Salt Lake City-based ambient/noise deconstructionist Braeyden Jae has quietly issued a catalog of limited cassette releases over the last year or so, with memorable entries on Patient Sounds and Spring Break Tapes. His work injects the concept of the hushed drone session with ear-scrubbing elements of harsh noise, without ever crossing the threshold into alienating territory. Listen at low volume and you’ll glean little more than one or two sustained tones per session, bundled along with inklings of hiss and occulted synth lines into a standing cloud of rough texture. Crank the volume up to the level it deserves (IE very high) to properly catch the details that Jae folds into the spread: slow-burning melodies buried somewhere behind the rumble; the barely perceptible harmonic grid over which the session spins; the gradually thickening mire of static that buffers the edges of the mix.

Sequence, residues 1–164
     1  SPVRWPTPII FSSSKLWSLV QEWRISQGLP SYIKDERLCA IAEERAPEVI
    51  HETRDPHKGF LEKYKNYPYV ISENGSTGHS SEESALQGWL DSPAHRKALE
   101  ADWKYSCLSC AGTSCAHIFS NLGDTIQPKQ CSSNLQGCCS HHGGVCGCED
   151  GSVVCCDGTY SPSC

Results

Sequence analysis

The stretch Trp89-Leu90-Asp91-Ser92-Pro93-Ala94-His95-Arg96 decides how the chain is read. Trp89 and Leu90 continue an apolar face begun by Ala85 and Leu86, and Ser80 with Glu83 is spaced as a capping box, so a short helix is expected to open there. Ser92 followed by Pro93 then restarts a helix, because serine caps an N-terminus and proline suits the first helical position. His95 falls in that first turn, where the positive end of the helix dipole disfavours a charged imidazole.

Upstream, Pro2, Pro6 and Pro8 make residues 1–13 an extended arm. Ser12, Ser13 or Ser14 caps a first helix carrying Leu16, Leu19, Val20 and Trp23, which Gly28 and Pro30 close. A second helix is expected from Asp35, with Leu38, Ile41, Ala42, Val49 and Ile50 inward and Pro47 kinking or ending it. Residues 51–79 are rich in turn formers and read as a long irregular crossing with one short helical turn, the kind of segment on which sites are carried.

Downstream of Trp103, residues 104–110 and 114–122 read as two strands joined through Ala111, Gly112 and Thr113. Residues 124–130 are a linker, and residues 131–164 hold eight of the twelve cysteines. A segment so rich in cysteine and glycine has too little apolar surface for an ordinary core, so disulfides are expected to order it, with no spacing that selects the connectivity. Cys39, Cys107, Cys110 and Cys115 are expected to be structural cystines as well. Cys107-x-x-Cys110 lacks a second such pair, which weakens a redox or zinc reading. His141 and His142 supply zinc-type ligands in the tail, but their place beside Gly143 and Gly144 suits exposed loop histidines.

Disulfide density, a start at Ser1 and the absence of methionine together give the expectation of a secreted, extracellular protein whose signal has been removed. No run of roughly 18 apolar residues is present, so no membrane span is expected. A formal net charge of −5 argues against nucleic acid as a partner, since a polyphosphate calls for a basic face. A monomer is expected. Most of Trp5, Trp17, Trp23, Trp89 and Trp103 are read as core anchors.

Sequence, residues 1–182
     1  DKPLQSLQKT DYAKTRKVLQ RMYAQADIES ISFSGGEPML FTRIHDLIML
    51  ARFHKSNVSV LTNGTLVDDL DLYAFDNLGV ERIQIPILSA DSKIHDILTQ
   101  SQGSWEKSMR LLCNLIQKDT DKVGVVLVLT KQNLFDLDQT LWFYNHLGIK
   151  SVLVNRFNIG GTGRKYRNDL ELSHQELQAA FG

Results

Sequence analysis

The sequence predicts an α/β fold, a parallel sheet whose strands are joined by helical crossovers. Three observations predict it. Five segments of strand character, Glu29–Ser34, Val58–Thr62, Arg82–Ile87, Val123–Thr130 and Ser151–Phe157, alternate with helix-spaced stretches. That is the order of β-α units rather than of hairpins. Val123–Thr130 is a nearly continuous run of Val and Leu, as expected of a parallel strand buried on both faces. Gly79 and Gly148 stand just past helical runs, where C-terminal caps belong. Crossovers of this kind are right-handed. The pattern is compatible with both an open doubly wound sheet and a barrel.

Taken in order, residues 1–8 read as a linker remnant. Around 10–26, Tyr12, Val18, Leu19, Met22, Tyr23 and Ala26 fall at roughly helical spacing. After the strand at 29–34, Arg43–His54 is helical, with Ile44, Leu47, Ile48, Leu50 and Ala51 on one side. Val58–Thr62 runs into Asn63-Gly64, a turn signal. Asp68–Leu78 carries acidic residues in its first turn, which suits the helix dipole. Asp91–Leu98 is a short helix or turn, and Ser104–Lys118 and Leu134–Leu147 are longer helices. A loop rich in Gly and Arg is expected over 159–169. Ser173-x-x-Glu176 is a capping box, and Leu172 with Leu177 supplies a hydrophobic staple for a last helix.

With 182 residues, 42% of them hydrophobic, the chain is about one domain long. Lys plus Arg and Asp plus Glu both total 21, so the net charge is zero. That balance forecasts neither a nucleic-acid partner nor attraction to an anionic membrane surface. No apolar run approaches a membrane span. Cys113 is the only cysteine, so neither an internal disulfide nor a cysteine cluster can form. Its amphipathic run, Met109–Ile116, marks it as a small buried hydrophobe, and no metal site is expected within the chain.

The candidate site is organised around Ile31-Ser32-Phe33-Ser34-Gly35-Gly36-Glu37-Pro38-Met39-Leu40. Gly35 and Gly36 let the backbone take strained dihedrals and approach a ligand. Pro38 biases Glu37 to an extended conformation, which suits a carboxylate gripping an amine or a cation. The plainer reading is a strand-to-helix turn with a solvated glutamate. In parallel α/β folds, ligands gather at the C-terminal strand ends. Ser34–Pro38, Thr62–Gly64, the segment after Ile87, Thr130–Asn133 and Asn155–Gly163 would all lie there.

Braeyden Jae’s new tape Held and Holding is out now on Bridgetown Records. “Held” fills the A-side with lightly cauterized drone exploration, unfolding in a slow enough upward trajectory as to make any shifts in harmony or timbre barely perceptible in the haze. The piece snaps in its final third into a gorgeous, clean-toned interlude — as if to provide a consonant reward for our focus — before ascending back into the thick guitar crunch of the coda. “Holding” keeps it crunchy from the start, and its layer of crackle only deepens over time. Though the session harnesses a relatively limited palette of sounds, it slides through minute variations in tone and intensity to sketch out a sinuous flow of activity abetted by the gentle filter sweeps of a lone synth voice in the din.